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28 STUDYING THE STRUCTURE OF FOLK MUSIC
systems have been devised, but most scholars have returned to the conventional one despite its shortcomings. It is one, after all, that can be easily mastered, and that is already understood by individuals who are acquainted with music. It can be used in folk song collections that serve the double purpose of being scholarly descriptions of music and providing music to be performed. Some transcribers have added special symbols to help where the conventional system of notation does not provide a solution. For example, intervals smaller than half-steps are frequently indicated by placing a "plus" (higher) or a "minus" (lower) above a note.
But careful listening to even a simple folk tune indicates that a considerable number of minor musical events take place in every second of singing. The question is whether we should try to capture each of these or whether we should restrict our notation to the main lines. The ethnomusicologist, careful and thorough, would like to capture all. If he has a talented ear and enormous patience, he will come up with a very intricate notation that can hardly be deciphered without a magnifying glass. This procedure was followed by Bela Bartok, the great composer who was also one of the most important scholars of folk music, and who collected vast numbers of Hungarian, Slovak, Yugoslav, and Rumanian folk songs. Example 2-5 shows one of his transcriptions of Yugoslav folk music. Below the melody in all its detail is a less complicated version of the song that gives only the main notes.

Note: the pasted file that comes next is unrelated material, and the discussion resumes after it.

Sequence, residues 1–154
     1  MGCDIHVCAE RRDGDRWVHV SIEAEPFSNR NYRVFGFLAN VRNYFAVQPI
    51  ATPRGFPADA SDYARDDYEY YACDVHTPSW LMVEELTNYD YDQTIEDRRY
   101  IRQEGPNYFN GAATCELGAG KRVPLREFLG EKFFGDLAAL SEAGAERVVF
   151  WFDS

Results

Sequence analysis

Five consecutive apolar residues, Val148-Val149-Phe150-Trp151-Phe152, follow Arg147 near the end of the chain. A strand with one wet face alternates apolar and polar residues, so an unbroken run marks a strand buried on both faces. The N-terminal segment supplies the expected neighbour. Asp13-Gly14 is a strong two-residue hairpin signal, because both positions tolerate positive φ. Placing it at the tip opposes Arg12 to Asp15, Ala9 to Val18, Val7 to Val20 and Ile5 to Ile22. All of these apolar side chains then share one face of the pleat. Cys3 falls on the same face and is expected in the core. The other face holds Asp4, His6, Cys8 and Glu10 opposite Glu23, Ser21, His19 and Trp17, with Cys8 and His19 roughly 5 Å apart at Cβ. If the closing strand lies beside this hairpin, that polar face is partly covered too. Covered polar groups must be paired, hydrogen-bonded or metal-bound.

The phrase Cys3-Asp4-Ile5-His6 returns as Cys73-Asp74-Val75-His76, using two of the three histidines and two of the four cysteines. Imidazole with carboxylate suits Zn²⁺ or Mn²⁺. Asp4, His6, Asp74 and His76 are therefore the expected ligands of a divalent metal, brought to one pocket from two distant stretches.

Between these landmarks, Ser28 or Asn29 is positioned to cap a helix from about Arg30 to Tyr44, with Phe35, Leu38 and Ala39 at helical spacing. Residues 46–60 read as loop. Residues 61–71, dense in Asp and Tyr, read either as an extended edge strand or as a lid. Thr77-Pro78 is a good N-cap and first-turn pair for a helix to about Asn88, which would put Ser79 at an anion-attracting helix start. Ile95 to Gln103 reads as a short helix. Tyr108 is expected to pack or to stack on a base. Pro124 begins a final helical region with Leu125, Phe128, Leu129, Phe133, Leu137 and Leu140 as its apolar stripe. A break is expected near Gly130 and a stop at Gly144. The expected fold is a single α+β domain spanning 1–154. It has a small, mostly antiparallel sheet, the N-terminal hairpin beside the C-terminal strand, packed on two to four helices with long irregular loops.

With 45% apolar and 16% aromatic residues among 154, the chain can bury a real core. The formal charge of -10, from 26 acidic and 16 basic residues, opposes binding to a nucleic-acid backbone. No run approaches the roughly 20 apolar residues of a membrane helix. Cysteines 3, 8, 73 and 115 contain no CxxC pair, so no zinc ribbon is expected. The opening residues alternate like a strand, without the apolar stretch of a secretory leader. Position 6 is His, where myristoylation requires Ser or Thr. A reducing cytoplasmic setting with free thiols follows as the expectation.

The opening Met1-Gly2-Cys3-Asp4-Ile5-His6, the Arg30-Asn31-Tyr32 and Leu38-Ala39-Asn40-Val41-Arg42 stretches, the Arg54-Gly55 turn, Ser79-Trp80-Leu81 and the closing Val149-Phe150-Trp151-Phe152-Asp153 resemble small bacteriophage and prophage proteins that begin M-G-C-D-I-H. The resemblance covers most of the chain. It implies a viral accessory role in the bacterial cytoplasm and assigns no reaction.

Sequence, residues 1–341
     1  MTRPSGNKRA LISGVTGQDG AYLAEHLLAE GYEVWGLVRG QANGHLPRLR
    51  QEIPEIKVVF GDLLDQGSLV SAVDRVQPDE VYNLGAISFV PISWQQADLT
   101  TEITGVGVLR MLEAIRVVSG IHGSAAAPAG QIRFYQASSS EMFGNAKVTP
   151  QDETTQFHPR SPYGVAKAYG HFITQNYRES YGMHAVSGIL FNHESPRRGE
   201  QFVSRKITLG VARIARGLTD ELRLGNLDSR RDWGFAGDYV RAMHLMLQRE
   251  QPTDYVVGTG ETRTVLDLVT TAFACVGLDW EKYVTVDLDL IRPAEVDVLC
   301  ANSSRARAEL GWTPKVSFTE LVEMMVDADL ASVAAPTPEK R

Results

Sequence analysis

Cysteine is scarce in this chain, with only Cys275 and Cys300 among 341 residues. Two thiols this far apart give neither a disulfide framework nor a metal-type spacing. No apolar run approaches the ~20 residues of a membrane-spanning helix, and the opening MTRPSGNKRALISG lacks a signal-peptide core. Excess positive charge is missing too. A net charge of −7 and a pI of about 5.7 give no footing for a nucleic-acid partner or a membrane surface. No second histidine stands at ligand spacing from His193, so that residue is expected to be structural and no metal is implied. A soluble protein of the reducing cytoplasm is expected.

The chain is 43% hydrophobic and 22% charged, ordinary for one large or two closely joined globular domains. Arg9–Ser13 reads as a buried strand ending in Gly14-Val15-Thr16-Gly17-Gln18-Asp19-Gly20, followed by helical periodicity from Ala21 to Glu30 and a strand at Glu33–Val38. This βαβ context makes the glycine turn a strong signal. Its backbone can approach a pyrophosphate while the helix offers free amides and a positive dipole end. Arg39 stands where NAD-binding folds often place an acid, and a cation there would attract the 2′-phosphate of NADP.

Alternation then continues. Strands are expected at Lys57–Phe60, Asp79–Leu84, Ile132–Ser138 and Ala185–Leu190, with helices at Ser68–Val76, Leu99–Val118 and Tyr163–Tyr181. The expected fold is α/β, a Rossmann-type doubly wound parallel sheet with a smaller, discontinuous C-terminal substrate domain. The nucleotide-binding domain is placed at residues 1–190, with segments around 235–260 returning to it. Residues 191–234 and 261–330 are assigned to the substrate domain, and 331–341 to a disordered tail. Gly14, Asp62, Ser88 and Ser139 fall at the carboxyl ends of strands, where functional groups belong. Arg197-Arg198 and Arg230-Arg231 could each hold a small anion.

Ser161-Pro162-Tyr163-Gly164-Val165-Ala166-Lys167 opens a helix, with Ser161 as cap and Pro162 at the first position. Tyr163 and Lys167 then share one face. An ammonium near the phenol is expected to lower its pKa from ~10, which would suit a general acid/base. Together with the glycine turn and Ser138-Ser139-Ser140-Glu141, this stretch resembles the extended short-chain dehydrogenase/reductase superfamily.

Of course, the important thing in transcribing is to be objective, to write down what actually occurs and not what the transcriber, with his ear used to a particular musical idiom (usually the Western one), may think he hears. And make no mistake about this: What you hear is conditioned not only by what sound is actually produced, but also by what sound your mind is attuned to and expects. Consequently, transcribing is a process that requires hearing and rehearing a piece; a minute of music may take two hours to transcribe.
In order to save time and increase accuracy and objectivity, several attempts have been made to devise machinery that would measure pitch and transcribe music. These range from a monochord— simply one stretched string with a graduated table to show vibration rates—invented by Jaap Kunst, to elaborate electronic devices based on the oscilloscope. The latter exist mainly in three forms, one invented by Charles Seeger and used at U.C.L.A., another developed